The Battle Road Scenic Byway
- DesignationAll-American Road (2021)
- Intrinsic QualitiesHistoric, Cultural
- Length15 miles
The Battle Road follows the approximate path of the British regulars during the battles that marked the start of the American Revolution on April 19, 1775—where the "shot heard round the world" was fired. The byway runs along approximately fifteen miles of roads in the communities of Arlington, Lexington, Lincoln, and Concord, including part of the Minute Man National Historical Park. Not only is this route famous for its role in the American Revolution; The Battle Road Byway is a "Road to Revolutions" because of the literary, environmental, and technological revolutions that have occurred.
Concord Visitor Center
Lexington Visitor Center
Story of the Byway
One Road, Many Revolutions!
The Battle Road Scenic Byway is best known for its role as the catalyst for the American Revolution. It is also home to literary, environmental, and technological revolutions that have shaped the American experience. Located in the Massachusetts towns of Arlington, Lexington, Lincoln, and Concord, the Byway includes Minute Man National Historical Park and other attractions highlighting the American Revolution. It also features sites associated with early conservationists, prominent abolitionists, former slaves, some of the 19th century’s most celebrated authors, and innovators of technologies. The Byway’s most notable intrinsic qualities are historical and cultural. It is also home to significant natural, recreational, scenic, and archaeological intrinsic qualities that are well documented in the Corridor Management Plan 2011.
The Battles of Lexington and Concord are considered the point of no return – the point when years of building tension finally erupted into war. The Byway enables visitors to follow the path of the British Regulars as they march from Boston on April 19, 1775, with two goals: to destroy munitions that were stored throughout Concord and to capture Sam Adams and John Hancock who were staying in Lexington. Travelers can join the British as they marched to Colonel Barrett’s Farmhouse to search for munitions, to the Concord North Bridge where the British met armed resistance, and then follow the fighting as they fled back to Boston along the Battle Road.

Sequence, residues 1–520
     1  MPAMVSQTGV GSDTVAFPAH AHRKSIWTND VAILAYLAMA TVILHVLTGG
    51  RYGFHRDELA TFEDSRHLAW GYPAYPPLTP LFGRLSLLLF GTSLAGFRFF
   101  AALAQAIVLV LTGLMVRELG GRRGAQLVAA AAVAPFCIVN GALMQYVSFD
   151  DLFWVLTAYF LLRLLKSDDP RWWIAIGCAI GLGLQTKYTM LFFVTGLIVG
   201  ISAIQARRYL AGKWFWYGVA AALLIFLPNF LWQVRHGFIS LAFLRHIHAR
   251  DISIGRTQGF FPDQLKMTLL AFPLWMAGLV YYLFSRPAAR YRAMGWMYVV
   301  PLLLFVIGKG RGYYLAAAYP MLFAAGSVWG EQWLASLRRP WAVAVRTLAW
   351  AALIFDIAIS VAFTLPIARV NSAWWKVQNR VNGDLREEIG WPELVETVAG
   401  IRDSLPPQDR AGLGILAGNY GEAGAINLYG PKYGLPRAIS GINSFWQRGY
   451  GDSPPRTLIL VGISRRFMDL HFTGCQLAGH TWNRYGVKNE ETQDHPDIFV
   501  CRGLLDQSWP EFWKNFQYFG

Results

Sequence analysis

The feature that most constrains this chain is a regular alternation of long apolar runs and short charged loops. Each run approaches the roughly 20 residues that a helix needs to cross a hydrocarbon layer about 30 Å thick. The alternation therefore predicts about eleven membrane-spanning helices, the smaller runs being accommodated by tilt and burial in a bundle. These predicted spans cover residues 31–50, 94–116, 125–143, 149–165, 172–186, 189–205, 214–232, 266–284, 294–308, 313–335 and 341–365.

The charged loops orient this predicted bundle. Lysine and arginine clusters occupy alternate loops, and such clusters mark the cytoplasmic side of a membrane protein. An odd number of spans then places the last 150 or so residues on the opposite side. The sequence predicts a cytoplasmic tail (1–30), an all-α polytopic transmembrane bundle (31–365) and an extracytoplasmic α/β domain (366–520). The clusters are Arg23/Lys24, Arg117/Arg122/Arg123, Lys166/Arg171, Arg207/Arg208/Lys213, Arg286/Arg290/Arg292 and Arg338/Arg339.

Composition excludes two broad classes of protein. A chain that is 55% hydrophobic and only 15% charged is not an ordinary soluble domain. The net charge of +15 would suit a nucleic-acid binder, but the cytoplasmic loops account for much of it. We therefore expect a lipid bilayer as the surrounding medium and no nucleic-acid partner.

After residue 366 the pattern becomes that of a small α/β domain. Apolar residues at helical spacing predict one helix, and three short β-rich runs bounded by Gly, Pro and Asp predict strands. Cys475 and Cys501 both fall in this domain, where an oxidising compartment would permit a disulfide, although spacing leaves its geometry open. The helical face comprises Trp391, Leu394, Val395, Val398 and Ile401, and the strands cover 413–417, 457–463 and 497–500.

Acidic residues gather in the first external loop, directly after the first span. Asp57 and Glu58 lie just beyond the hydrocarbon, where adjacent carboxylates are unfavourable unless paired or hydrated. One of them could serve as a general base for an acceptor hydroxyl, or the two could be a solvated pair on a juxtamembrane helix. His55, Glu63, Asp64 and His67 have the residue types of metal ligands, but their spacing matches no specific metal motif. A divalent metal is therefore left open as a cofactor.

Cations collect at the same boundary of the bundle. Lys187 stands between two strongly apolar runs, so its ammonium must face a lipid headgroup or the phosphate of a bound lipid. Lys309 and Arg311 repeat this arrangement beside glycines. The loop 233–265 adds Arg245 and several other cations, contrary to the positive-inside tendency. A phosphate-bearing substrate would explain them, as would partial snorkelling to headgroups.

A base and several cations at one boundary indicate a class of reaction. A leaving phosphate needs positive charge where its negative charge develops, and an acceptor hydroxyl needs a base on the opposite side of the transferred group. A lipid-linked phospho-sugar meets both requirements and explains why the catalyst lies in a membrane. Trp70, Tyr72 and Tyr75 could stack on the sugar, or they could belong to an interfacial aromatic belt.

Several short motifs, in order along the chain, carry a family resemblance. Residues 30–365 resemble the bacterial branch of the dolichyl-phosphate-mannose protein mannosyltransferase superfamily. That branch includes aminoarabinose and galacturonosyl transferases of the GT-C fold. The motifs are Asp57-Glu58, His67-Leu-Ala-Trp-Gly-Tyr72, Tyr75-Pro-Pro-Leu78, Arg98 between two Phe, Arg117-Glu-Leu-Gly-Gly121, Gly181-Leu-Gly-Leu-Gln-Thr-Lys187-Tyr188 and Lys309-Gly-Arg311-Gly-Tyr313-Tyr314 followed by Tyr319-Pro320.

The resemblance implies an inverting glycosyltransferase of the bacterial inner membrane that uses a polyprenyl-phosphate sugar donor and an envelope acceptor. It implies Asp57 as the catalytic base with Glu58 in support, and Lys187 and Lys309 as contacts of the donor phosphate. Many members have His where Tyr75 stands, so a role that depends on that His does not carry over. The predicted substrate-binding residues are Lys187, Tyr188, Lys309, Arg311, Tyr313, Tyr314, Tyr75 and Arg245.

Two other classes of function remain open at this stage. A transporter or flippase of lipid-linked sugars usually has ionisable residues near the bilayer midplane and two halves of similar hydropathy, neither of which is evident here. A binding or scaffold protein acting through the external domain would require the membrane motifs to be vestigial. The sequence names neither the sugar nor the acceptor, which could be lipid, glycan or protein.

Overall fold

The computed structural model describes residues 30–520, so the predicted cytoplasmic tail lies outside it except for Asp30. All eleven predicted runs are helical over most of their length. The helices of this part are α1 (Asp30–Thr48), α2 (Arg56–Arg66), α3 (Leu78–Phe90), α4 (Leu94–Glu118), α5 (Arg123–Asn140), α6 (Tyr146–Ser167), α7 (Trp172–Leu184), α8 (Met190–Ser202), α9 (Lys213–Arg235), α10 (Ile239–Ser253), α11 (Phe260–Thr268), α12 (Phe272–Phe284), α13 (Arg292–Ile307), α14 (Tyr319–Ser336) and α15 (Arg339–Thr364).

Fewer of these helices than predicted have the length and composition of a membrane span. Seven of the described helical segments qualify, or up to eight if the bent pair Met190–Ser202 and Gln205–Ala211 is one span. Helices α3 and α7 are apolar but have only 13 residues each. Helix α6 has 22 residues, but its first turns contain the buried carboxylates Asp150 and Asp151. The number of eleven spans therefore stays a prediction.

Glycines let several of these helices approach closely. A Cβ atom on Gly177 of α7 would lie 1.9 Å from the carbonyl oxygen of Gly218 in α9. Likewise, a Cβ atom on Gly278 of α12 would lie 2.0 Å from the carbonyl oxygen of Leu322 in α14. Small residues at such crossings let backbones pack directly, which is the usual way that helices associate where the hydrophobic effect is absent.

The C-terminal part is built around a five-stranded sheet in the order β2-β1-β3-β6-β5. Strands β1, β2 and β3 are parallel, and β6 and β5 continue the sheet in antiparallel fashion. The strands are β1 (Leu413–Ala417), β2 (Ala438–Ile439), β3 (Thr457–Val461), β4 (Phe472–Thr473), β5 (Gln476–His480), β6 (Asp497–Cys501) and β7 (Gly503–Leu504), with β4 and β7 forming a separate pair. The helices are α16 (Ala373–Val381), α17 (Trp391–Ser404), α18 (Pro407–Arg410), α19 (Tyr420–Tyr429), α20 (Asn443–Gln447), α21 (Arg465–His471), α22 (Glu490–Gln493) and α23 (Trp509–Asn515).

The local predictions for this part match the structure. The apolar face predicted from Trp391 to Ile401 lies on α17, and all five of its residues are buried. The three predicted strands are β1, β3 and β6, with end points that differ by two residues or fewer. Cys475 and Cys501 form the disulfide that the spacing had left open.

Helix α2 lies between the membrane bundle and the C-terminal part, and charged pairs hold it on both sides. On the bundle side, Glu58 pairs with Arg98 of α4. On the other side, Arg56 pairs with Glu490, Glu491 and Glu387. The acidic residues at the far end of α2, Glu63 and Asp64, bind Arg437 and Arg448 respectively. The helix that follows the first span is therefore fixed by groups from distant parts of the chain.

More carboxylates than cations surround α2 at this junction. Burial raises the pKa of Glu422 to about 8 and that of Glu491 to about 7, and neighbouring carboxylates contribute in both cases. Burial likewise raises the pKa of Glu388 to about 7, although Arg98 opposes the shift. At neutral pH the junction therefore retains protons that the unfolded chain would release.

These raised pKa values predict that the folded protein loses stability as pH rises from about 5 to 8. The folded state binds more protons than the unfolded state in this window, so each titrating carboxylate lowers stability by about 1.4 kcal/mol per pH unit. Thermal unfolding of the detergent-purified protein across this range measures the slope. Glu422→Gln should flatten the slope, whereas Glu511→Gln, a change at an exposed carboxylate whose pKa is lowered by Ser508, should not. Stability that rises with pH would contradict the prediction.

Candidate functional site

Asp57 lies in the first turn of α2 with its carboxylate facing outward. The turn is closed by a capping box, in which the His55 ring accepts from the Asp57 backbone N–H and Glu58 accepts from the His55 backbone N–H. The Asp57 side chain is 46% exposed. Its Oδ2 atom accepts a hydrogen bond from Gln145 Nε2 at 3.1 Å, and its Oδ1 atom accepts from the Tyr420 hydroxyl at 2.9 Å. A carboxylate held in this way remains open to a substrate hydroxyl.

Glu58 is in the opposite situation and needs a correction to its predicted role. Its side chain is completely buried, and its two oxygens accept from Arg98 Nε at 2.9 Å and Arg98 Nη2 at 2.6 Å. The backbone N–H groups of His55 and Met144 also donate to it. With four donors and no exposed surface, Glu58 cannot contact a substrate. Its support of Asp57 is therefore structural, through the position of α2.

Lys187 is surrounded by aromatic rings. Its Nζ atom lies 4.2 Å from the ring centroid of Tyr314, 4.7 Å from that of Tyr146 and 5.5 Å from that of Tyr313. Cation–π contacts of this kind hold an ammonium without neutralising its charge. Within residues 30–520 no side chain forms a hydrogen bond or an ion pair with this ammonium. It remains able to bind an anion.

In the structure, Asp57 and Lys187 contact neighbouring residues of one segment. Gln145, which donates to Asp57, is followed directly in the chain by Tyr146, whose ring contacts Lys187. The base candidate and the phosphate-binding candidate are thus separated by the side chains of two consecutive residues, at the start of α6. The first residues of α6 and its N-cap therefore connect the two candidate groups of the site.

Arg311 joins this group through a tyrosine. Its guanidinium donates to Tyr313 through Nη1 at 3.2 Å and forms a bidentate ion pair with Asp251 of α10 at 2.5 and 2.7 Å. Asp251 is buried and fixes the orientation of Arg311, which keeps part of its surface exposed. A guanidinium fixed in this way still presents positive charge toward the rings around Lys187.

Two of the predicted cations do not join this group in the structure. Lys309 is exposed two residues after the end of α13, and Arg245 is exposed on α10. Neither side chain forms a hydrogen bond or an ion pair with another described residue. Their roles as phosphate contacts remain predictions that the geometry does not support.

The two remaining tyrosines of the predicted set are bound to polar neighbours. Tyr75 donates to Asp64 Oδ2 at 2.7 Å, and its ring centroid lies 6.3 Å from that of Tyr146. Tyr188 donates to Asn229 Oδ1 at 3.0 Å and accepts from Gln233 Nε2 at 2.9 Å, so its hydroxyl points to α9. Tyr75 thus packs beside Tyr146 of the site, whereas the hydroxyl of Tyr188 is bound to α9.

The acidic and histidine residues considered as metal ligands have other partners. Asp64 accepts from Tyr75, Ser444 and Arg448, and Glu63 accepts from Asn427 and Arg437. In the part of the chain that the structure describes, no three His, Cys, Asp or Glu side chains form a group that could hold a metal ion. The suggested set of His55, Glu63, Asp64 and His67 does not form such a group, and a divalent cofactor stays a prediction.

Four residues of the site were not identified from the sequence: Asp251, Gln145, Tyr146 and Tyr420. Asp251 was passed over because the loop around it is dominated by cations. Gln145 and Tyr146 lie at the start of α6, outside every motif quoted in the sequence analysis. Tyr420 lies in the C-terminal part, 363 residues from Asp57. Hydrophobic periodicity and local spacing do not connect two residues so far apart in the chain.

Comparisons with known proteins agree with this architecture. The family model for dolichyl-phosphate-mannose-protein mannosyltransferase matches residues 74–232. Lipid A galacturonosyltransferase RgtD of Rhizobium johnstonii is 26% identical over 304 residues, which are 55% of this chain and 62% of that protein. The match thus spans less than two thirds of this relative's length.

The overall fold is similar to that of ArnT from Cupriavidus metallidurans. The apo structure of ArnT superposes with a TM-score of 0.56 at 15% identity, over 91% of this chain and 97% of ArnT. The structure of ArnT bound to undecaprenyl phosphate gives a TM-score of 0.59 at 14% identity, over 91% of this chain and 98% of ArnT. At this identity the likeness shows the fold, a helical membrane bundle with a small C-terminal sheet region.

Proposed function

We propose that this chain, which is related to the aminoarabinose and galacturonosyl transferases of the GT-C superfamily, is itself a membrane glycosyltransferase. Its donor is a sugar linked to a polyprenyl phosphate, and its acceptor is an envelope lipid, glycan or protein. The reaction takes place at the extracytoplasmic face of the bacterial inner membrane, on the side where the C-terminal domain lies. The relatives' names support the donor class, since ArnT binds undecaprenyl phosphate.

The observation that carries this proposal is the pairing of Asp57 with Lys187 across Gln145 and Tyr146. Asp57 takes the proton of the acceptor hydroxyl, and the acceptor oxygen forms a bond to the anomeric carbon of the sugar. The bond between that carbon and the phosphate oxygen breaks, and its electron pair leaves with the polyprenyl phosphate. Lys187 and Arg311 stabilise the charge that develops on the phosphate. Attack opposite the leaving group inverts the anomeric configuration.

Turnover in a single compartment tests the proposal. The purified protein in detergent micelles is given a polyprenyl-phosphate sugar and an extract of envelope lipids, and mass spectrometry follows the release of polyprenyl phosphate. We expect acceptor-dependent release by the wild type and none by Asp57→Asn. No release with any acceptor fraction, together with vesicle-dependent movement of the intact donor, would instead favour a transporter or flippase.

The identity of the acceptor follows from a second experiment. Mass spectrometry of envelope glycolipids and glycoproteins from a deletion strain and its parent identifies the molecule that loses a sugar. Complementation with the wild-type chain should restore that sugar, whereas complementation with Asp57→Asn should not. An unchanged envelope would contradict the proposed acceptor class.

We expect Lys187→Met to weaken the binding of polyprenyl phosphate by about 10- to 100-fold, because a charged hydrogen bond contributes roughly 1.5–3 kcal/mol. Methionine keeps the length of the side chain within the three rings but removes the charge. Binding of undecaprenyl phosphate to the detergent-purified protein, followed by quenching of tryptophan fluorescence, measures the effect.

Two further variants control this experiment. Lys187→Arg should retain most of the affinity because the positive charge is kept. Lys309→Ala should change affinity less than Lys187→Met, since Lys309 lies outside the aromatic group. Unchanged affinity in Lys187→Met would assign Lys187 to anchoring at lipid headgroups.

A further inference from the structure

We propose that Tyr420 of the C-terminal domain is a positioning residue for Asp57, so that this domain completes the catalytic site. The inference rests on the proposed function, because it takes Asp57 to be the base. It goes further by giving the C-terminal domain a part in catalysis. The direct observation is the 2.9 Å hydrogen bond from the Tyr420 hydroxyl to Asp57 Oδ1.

The Byway begins at the Cambridge/Arlington border and continues through Arlington, passing the Black Horse Tavern where The Committee on Safety met to criticize oppressive British policies. Many “witness houses” that existed on the Battle Road in 1775 are still standing today, some of which are open to the public.
The Battle Road continues to the Lexington Common, now known as Lexington Battle Green, wherein in an early dawn battle on April 19, 1775, the “first shots were fired” by the British upon the gathered Lexington Militia. These casualties described as a massacre united public opinion and support for the Revolution. A Byway spur leads to the Hancock-Clarke House, where Adams and Hancock safely fled with a trunk of secret papers.
Just past the Battle Road National Park Service Visitor Center in Lincoln is the Paul Revere Capture site. William Dawes and Samuel Prescott managed to escape, and Prescott continued on to Concord, sounding the alarm that the British were coming. This section of the Byway, within the Minute Man National Historical Park, shows what the Battle Road was like in 1775.
The British marched from Lexington to Concord and split into smaller groups to search for munitions and secure the North and South Bridges. At the North Bridge, travelers can experience the “shot heard ‘round the world” where the colonists attacked the British soldiers. They can also see where the British failed to find the munitions at the Barrett Farmhouse.
The British Regulars, now outnumbered, began their retreat to Boston along the Battle Road. Minutemen from surrounding towns joined the running battles that followed. Battle sites, witness houses, commemorative monuments, burial grounds, and visitor attractions showcase these historical events and provide a rich traveler experience.
The Byway is an international as well as an American tourist destination. Every year, well over a million people from around the world visit Minute Man National Historical Park, notable authors’ homes, museums, and other sites along the Byway. Every April, scores of visitors gather at key battle sites to witness live reenactments of events that changed the course of our country’s history. Travelers also enjoy the Byway’s recreational offerings, including the Minuteman Bikeway and the Battle Road Trail.